Day 4 (Tuesday):

We wanted to go on the Caldon Canal to Froghall, but decided that there were too many locks and it was too far, so we elected to take the Leek Branch as far as Leek Tunnel. This went through very pretty countryside and had the advantage if their being no locks. The area around Leek Tunnel was particularly “pastoral”, and could have been a scene from a Constable painting.

Sue at Leek Tunnel


Could be Constable country!

After winding the other side of Leek Tunnel, we returned from whence we had come along the Caldon Canal, passed Etruria, and moored for the night by Westport Lake. It was a really hot day and we were both looking forward to a shower. Unfortunately the water pump tripped the fuse box after Sue had had a shower, and we were unable to sort the problem. We called the Anglo Welsh service engineer and he came out to fix it early the next day. Since I could not have a shower I opted for a walk along the canal bank to the Pack Horse Inn in Longton for a cooling pint!

Day 5 (Wednesday):


A short distance north of Westport Lake was the Harecastle Tunnel, 2,926 yards long. There were at one time three Harecastle Tunnels. The first was built by James Brindley in 1777 after 11 years work. Since there was no tow path trough this narrow tunnel, the boatees had to “leg it” on the ceiling of the tunnel whilst the horses were led over the hill to the other side. Thomas Telford completed a second tunnel in 1827 to ease the bottleneck, and it is this one that is in use today. Originally it had a tow path, but this has been removed to make the tunnel wide.

Harecastle Tunnel


Inside the tunnel

The Harecastle Tunnel is “one-way”, and boats go through in convoys. Upon entering the tunnel the wooden doors are closed behind you, to help with the ventilation fans, and you are immediately engulfed by the blackness and the noise of the fans. The only way of seeing where you are is by the halo of light cast by the headlight on the boat on the ceiling of the tunnel. It is cool and dank inside, and for the first 500 yards or so it is difficult to steer the boat in a straight line. You bounce from one wall to the opposite wall in an alarming manner. After a while you get used to it, and manage to keep the boat reasonably straight. It take 45 minutes to go through, and half way there the speck of light that is the exit seems miles away! The other striking feature of the tunnel is the colour of the water at the other end – a murky tomato soup colour – a result of the ironstone strata leaching out.

Exit of Harecastle Tunnel

After leaving the tunnel we soon reached Kidsgrove, and took the left hand channel of the Macclesfield Canal, which then swings to the right over the Trent & Mersey Canal over the Poole Aqueduct. From the Kidsgrove Junction, Marple is some 28 miles and 13 locks.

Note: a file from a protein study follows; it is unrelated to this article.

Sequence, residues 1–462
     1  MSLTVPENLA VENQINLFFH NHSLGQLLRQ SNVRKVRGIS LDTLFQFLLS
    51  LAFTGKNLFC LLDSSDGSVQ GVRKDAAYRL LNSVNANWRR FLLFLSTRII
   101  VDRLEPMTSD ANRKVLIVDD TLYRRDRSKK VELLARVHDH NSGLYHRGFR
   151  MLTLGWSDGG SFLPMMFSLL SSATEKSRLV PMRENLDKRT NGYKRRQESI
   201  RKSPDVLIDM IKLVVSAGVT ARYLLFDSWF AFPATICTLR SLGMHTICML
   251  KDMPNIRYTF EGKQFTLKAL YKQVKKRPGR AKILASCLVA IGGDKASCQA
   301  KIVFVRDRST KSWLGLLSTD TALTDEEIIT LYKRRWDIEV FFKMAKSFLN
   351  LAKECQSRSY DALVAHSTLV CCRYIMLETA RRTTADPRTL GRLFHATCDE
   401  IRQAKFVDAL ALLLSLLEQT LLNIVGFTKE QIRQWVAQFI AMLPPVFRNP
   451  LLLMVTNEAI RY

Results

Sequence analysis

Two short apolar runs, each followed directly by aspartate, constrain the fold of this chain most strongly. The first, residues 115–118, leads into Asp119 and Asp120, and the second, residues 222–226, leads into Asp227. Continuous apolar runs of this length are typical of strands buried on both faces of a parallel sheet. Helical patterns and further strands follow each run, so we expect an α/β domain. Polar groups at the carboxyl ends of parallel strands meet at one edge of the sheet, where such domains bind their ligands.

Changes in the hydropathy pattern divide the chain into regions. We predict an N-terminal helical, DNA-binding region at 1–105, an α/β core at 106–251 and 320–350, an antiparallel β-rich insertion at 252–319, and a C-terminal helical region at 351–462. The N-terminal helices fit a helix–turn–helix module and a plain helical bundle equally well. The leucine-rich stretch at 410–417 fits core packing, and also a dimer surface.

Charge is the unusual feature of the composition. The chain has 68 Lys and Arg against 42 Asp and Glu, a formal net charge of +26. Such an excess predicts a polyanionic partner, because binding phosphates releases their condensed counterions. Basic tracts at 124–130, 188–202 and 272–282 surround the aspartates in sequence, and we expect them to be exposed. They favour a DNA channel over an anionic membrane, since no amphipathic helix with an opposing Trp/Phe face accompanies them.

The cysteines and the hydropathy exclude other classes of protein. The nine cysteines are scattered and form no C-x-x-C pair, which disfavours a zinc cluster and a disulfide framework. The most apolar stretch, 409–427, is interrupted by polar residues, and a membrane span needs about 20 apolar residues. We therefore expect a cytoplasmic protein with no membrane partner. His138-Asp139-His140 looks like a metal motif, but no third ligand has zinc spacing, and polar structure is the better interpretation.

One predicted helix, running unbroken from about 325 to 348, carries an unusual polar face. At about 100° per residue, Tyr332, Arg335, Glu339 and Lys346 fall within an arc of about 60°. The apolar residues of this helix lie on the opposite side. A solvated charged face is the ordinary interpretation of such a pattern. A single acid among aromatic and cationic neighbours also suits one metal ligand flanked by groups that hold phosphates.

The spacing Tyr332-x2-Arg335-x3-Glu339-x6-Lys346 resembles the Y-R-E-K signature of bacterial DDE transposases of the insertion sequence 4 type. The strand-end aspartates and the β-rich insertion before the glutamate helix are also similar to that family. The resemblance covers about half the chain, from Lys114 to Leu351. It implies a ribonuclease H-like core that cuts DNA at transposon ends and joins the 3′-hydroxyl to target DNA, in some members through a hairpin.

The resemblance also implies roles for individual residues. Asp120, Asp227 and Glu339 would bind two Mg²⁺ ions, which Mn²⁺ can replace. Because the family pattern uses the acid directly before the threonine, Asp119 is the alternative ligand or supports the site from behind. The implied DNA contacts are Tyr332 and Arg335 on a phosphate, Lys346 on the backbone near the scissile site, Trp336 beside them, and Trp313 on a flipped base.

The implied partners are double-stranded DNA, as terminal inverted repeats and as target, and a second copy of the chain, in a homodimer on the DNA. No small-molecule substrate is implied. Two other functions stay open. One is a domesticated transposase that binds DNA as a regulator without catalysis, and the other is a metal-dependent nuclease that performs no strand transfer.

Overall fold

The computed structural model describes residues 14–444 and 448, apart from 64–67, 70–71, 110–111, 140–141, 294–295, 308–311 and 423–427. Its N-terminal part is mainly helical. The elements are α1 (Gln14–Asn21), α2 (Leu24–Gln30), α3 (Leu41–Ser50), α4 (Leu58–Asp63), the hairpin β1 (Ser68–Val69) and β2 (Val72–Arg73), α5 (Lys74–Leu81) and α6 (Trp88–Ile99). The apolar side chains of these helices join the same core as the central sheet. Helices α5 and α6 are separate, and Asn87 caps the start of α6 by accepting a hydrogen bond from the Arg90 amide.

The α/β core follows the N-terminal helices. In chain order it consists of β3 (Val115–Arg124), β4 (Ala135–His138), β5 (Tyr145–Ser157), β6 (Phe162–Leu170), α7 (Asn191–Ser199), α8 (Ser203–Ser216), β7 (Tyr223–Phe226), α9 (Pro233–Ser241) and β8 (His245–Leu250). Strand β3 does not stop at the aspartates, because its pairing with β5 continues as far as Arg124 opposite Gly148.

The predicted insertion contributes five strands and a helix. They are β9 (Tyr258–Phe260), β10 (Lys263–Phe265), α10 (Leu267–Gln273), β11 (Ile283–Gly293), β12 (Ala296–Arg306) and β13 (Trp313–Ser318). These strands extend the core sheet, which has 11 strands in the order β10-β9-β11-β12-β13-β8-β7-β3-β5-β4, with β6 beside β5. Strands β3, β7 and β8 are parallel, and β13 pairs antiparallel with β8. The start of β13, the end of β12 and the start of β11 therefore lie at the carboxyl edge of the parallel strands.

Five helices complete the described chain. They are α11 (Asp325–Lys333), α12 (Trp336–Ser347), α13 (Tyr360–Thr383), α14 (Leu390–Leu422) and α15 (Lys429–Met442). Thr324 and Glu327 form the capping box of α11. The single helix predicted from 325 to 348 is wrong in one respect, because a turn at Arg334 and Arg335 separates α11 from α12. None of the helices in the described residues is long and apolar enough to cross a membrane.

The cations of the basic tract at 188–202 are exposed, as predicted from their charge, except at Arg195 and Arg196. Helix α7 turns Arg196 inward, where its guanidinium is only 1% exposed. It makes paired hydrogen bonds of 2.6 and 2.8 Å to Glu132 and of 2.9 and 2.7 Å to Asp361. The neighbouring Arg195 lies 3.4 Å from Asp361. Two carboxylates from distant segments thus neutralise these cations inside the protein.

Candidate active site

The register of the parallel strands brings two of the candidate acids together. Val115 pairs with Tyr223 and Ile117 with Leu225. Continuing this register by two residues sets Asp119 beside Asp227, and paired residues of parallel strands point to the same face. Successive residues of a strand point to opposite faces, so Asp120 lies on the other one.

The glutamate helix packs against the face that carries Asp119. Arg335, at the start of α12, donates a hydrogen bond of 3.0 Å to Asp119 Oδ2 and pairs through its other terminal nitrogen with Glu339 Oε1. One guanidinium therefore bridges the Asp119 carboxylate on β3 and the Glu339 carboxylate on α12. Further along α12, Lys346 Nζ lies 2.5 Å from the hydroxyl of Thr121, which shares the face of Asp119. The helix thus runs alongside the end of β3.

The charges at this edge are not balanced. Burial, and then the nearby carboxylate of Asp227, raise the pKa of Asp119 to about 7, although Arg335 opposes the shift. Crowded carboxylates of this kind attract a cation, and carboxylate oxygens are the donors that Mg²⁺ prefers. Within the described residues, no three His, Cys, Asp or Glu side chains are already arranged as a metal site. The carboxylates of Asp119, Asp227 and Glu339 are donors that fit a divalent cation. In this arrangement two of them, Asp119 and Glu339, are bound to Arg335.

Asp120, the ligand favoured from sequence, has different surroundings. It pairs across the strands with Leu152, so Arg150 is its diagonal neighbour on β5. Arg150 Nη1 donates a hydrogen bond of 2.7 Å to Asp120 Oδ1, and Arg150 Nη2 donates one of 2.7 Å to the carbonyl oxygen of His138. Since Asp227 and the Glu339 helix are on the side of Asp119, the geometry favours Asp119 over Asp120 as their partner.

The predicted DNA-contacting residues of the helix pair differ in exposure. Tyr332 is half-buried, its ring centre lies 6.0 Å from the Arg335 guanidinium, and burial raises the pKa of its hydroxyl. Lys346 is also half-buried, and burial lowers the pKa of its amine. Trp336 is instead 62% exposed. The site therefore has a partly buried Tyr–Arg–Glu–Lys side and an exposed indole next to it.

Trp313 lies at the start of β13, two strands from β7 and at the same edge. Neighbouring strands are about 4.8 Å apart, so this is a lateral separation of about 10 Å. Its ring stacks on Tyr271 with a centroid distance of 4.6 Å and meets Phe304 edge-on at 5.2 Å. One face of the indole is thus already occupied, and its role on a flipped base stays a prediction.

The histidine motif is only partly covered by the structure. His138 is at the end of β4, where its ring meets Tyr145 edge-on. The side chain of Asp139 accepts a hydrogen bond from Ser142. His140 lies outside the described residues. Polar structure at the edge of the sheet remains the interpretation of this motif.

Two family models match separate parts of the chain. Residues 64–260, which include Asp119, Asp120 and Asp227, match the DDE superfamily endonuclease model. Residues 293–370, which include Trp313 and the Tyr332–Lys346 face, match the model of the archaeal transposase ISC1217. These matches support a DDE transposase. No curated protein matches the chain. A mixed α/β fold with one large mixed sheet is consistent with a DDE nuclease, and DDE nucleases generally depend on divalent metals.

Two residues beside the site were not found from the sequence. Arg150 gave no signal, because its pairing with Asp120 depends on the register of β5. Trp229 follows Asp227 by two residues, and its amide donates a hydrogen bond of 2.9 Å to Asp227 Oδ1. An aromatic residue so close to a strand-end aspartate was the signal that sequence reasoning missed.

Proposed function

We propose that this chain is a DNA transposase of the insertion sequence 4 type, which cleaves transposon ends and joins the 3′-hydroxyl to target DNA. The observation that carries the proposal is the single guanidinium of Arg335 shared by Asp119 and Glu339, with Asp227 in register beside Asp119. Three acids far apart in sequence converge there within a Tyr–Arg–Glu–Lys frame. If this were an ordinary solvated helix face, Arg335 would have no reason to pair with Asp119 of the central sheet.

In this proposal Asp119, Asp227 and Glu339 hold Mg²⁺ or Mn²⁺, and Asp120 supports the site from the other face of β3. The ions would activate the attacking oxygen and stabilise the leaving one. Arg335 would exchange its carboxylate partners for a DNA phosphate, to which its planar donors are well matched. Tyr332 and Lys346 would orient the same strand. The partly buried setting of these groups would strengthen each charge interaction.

Left turn takes you over the aqueduct on to the Macclesfield Canal


Looking down from the aqueduct at the locks on the Trent & Mersey Canal below.

Snake bridge near Congleton

We moored for the night at Bridge 61, near Buglawton, and had dinner at the nearby Robin Hood pub. Here we got talking to another boatee, Lee on Mr Dylan, who was a builder who lives on his boat travelling the country. When he runs out of money he stops for a couple of months to work. What a lifestyle!

Day 6 (Thursday)


The weather on Thursday was cooler and it was raining a bit, which was good really as we had 13 locks to pass that day including the 12 locks of the Bosely Flight. The locks took most of the morning, and in the afternoon we were cruising through very pleasant open countryside with lots of wild life, including numerous herons.We moored south of Bollington on Thursday evening.

Day 7 (Friday)


We continued northwards on Friday through pleasant countryside, and past the Stately pile that is “Ramsdell Hall” …. Sights you would not see from the road. We were soon at Marple Junction, where we were greeted by a man walking along the tow path eating Fish & Chips. This was too much. We moored up immediately and Sue went off in search of the Chippy.

Sue at Marple

Tunnel to Marple Locks

Looking down the Marple Flight


Samuel Oldknow's warehouse

After that we went in to the town, and had a look at the locks on the branch of the canal going to Manchester. From Marple Junction we went down the Peak Forrest Canal as far as Whaley Bridge. Not being impressed at all with Whaley Bridge, we returned to Forrest Vale to moor for the evening.

New Mills Marina

 

End of our first trip

We returned the boat at 9 a.m. on Saturday morning, and spent the rest of the day driving around the Peak District exploring.